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The Mendocino Vineyard Where Inmates Pick the Grapes

Clusters of ripe and unripe Pinot noir grapes. (Photo: Olivier Vanpé/Wikimedia Commons)

Justin King spends most of his hours in a cinderblock dormitory room for minimum-security prisoners, sleeping on a metal bunk bed and being constantly monitored by surveillance cameras.

But on a crisp California morning with coastal fog hanging on the hillsides, King, who is serving time for selling methamphetamines, and three of his fellow inmates at the Mendocino County jail huddle together in a 175-acre vineyard to pick plump sangiovese grapes. The only visible difference between the prisoners and the other field workers are the GPS tracking devices wrapped around their ankles.

"Hey dude!" King, 32, called out to his fellow inmate, Meliton Rangel, as King eyed a promising group of clusters wet with dew. "I hit clump city here!"

The men's enthusiasm for grapes with just the right sugar levels and tannins is a variation on the concept of work release, in which inmates deemed low security risks are employed by private companies.

The small coastal town of Mendocino, a popular destination for artists and vacationers alike, is also home to thriving wine and marijuana industries; the county has roughly 550 vineyards and vast acreages of marijuana. Like many of the state's agricultural areas, Mendocino's farmers and vineyard owners face a chronic and sporadic labor shortage, due in part to the federal crackdown on illegal immigration. But in an area of northern California dubbed "the Emerald curtain," the issue is compounded by so-called "trimmigrants"—marijuana harvesters, many from abroad, who flock to the county to trim buds for $25 or more an hour tax-free.

"They're hard workers," Barra says of her new employees, who wear 'civilian' clothes in her magazine-esque vineyard. "They have to meet the same punctuality and performance requirements as everybody else."

The four inmates, all of them convicted felons, are paid by the weight of the grapes they pick, as is the tradition in agriculture. They work in teams of two, racing through rows of russet-leafed vines as soon as grapes fill their pans. "The bigger the grape, the fuller the pan," says King, his curly hair damp with sweat. The men are positioned on opposite sides of a row, snipping stems with purple-stained hands.

The rhythm of fieldwork lends itself to contemplation. "It was plain stupidity," says Bryan Kann, a 44 year-old inmate who has been incarcerated six times, most recently for resisting arrest and violating his probation. "My parents gave me the best of everything. I knew what I was doing was wrong."

The work is notoriously grueling: At first, Rangel, a stiff-legged 37, said he was going to quit. That changed when he received his first paycheck—his first one ever. "This has really helped me out," he says. "It feels very good to work."

On a full day with big bunches on the vines, workers can earn $250 to $350 dollars or roughly $100 for a three-hour day. Each inmate is responsible for reimbursing the county $11 a day for the ankle monitor. The rest goes into a savings account set up by the sheriff's office to assist the men in finding jobs and housing upon release.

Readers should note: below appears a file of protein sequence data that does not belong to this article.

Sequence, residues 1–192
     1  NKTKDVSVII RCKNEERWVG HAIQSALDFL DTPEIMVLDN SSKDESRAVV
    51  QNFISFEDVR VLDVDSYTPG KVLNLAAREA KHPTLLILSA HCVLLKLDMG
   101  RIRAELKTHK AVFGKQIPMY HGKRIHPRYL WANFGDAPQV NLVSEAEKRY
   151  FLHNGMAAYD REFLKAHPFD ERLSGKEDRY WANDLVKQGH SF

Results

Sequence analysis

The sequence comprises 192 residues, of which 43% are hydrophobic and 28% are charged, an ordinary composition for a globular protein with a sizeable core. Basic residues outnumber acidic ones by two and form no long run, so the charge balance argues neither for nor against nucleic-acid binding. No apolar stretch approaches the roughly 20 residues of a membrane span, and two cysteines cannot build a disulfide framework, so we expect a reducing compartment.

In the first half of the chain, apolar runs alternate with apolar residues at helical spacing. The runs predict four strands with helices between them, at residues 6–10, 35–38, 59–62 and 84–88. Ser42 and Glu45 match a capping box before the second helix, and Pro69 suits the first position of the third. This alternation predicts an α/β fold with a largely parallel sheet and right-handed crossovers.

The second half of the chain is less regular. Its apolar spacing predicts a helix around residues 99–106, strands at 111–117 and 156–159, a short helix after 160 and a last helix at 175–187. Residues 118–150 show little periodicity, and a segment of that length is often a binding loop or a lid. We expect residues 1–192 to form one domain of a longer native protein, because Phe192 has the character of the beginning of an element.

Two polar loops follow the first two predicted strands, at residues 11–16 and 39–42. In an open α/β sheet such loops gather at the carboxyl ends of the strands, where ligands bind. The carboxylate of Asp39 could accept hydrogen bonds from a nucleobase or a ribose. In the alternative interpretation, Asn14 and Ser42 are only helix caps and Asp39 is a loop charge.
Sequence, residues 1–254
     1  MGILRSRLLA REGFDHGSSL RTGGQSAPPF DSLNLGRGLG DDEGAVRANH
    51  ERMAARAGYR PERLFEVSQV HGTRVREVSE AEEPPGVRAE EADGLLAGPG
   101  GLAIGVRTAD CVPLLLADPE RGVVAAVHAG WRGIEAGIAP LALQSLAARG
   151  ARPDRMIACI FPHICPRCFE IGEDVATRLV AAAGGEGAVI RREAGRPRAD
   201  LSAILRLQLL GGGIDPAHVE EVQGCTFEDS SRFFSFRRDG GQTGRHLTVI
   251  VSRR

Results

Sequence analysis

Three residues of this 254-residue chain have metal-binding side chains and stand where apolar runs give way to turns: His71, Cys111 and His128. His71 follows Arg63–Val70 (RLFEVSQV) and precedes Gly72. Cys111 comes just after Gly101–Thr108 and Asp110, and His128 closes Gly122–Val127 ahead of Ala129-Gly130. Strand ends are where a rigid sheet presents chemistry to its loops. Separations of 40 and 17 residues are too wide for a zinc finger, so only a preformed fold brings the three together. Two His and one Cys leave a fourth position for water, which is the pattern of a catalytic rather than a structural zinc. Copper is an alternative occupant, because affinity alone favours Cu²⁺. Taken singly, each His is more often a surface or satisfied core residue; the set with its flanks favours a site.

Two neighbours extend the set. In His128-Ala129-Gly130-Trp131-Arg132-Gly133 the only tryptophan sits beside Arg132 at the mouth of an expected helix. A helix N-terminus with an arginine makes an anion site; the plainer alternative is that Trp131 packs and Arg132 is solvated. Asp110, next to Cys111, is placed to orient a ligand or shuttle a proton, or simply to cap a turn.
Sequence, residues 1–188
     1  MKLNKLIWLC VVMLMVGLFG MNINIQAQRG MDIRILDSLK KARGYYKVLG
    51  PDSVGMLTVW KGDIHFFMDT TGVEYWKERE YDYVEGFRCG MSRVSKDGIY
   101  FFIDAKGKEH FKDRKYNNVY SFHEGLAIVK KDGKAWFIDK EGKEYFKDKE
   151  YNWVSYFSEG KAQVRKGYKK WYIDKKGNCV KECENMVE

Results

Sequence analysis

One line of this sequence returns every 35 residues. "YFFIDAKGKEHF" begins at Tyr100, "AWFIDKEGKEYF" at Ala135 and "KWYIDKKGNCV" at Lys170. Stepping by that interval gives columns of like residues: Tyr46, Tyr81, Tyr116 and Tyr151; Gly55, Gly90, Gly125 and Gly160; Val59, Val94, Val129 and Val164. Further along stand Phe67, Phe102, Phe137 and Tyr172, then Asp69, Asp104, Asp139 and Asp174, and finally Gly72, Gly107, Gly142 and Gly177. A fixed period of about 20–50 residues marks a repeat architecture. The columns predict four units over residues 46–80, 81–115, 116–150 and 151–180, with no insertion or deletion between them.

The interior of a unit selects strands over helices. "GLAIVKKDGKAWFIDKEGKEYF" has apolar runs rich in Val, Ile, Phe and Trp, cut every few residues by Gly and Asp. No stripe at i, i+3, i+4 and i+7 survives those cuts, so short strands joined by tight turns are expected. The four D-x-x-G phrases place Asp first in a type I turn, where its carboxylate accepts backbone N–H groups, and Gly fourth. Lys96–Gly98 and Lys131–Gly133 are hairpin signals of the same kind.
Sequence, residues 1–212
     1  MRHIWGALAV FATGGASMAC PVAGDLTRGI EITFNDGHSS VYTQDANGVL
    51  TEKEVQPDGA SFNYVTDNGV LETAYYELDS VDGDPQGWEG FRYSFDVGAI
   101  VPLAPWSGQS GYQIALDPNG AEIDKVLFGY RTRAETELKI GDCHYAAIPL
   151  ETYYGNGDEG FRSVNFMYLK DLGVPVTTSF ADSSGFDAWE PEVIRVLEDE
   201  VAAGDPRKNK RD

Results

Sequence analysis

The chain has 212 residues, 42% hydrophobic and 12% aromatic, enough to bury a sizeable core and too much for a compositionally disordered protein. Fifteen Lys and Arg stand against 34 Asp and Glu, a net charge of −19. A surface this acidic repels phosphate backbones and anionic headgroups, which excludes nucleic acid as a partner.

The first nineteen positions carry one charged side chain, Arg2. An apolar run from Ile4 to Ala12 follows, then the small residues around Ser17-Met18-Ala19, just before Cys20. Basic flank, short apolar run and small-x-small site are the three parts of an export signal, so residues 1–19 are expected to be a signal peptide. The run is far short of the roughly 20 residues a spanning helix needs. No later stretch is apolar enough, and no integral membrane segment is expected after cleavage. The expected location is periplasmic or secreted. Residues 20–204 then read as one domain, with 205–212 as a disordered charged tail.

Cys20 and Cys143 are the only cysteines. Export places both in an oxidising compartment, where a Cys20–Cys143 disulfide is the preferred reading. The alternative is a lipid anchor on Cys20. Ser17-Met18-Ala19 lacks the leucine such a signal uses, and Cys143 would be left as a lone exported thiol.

This year, only four out of a potential pool of 48 minimum-security offenders made the cut. Those convicted of arson, sexual abuse, domestic violence, or anyone with a restraining order were automatically disqualified. Last year, the program's first, seven applicants were selected for the grape crew, though "one guy was fired for having a mouth," the sheriff tells me.

"Most people in jail have never gotten up at 5 a.m., taken a shower, put on clean clothes, worked for eight hours and then had eight hours sleep," he continues. "We're exposing them to what we believe to be elements of a normal work career. They have to stay active or they don't make money."

Work release programs—typically construction and other jobs that don't involve the public—are "an old idea that is re-emerging," says Joan Petersilia, a Stanford law professor. There was a decades-long lull in the program, Petersilia explains, after convicted Massachusetts felon Willie Horton was released on a weekend furlough in 1986 and proceeded to commit armed robbery, assault, and rape.

Many counties now offer some type of work-release program, with differing models, including stand-alone employment centers. Eric Seleznow, deputy assistant secretary for employment and training with the Department of Labor, says that, in contrast to state prisons, offenders in county jails are typically released back into the local community: some nine to 11 million ex-offenders a year. "County jails are the front line of intervention for folks starting to get into trouble," he says.

That adds up to real savings too: Each inmate costs taxpayers $115 a day, according to Timothy Pearce, the jail commander. "We want to keep them from coming back," Pearce says.

And for the men still doing time, the lush acres of sangiovese grapes are a brief respite from drab green uniforms and visits behind bulletproof glass.

"There's peace of mind out here," King says, stretching out the walk through the fields with his fellow inmates toward the sheriff's van that will take them back to jail.

Welcome to No One’s Watching Week, the time of the year when the readers are away and your tireless editors have run amok. For this week only, Atlas ObscuraNew RepublicPopular MechanicsPacific StandardThe Paris Review, and Mental Floss will be swapping content that is too ​out there​ for any other week in 2015. This article originally appeared in Pacific Standard.